The sum of £363,697 is to be demanded from the UKIP by the Electoral Commission, in an unprecedented move to recover "impermissible donations". The sum relates to 68 separate donations made by UKIP's key supporter, ex-bookie Alan Bown (pictured left), who gave the money for the 2005 general election campaign.
The Electoral Commission has established that, in contravention of the Political Parties, Elections and Referendums Act 2000, Bown was not on the UK electoral register for the period over which he gave the money – mostly through 2005. Under the Act, where parties receive donations which they are prohibited from accepting, the have 30 days from the date the donation was received to return, otherwise it is at risk of forfeiture.
The application of the law, made to prevent foreign backers bankrolling UK parties, has stunned UKIP. Bown had made his money in the UK, had paid British tax and, throughout the whole period, had been living in the UK.
The Commission has notified treasurer Bruce Lawson that it intends to apply to the Magistrates' Court for a "forfeiture" of the cash, which – if the Commission is successful - will then be paid into the "Consolidated Fund" and kept by the Treasury.
Technically, the treasurer has also committed an offence, punishable on summary conviction by a £5,000 fine or 6 months imprisonment. The Commission has not indicated that it intends to proceed with any such case.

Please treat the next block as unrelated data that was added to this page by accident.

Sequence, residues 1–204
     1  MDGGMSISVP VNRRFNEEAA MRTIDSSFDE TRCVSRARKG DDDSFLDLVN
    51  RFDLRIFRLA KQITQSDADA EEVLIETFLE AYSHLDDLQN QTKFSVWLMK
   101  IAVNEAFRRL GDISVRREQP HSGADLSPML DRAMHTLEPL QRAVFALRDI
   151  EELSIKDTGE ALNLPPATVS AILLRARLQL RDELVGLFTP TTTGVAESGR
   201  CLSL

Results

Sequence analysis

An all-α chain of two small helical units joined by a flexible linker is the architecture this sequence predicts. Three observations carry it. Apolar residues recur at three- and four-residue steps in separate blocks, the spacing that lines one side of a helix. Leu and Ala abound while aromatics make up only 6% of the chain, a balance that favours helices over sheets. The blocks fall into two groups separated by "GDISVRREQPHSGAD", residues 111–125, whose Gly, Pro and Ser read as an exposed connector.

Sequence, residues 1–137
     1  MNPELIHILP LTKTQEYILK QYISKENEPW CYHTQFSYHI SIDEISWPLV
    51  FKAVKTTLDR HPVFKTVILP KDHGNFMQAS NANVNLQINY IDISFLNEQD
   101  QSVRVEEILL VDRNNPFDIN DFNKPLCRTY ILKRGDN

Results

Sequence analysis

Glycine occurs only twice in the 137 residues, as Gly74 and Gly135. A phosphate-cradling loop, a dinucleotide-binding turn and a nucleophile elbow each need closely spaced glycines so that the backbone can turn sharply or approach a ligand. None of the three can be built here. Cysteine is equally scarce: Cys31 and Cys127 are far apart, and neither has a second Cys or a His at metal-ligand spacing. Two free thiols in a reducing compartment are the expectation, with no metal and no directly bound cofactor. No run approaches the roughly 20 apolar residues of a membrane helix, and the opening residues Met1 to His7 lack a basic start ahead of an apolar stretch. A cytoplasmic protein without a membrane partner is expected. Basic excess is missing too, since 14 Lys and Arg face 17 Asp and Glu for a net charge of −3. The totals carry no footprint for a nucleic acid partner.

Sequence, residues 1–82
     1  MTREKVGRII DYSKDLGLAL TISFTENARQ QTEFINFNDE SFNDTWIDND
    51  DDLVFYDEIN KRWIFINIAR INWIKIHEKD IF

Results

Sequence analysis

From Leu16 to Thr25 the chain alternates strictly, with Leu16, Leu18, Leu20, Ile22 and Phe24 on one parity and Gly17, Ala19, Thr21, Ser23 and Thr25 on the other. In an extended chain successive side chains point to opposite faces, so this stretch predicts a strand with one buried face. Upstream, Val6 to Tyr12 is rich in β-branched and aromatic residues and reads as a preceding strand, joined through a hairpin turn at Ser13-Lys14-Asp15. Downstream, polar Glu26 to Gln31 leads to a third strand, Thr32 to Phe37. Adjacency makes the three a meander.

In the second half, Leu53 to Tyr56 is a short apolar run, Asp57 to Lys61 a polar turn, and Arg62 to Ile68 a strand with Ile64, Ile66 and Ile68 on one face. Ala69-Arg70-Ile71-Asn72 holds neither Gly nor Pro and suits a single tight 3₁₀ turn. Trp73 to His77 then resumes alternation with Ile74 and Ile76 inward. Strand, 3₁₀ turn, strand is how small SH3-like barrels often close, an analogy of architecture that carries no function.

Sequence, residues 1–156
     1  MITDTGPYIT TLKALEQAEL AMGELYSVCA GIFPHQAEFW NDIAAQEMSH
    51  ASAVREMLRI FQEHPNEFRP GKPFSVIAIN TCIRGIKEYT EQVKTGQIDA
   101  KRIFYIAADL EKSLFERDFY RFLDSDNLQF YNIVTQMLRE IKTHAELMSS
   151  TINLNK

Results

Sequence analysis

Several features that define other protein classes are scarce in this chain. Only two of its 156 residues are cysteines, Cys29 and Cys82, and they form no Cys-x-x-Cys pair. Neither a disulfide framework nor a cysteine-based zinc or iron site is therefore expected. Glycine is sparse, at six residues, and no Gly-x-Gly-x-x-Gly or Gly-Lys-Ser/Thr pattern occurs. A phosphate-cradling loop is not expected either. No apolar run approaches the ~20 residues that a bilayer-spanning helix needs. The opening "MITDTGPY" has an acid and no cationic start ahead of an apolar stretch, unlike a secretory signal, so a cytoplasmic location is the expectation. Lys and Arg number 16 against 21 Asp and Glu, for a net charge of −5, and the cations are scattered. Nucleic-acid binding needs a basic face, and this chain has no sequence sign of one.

UKIP leader, MEP Nigel Farage (right of picture) has indicated that the Party will fight the forfeiture claim, not least because, if it is forced to pay the money, it will be bankrupt. Insiders believe it would then be very hard for the Party to survive.
However, the demise is by no means certain as the Magistrates are afforded discretion under the law as to whether they make a forfeiture order. Under the circumstances, they may consider a technical offence not to warrant such an action.
The party also faces fines totalling £1,500 for filing its accounts "unacceptably" late – six months after an already extended deadline - while Farage's South East Region is to be fined £500 for being more than six months late with its accounts.. The Commission also said that it was to review UKIP's "systems for dealing with its financial affairs and meeting statutory reporting requirements".
And, in a separate move – reported by The Financial Times - a major Tory donor has withdrawn support for what he terms the "red herring" UKIP, in what is seen as a boost to the Boy King in containing threats of defections from his party's right-wing.
This is Lord Kalms, who had warned earlier this year that he would consider voting for UKIP. But he now tells the FT that he now considers the party "a bit of a red herring… I'm not going to give them money".
Under siege last weekend from two Sunday newspapers, and with further investigations threatened, from the police (over certain sexual irregularities) and from the EU's anti-fraud office, OLAF, it is no understatement to say that the party is not having a happy time of things at the moment.
No wonder Nigel Farage has been seen tired and emotional in Strasbourg recently.